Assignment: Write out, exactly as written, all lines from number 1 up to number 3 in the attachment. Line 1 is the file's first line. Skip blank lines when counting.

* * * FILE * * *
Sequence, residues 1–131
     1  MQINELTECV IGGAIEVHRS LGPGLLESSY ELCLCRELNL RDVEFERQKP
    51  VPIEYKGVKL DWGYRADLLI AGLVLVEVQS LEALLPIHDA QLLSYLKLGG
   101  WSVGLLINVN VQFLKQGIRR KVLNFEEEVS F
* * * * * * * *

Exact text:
Sequence, residues 1–131
     1  MQINELTECV IGGAIEVHRS LGPGLLESSY ELCLCRELNL RDVEFERQKP
    51  VPIEYKGVKL DWGYRADLLI AGLVLVEVQS LEALLPIHDA QLLSYLKLGG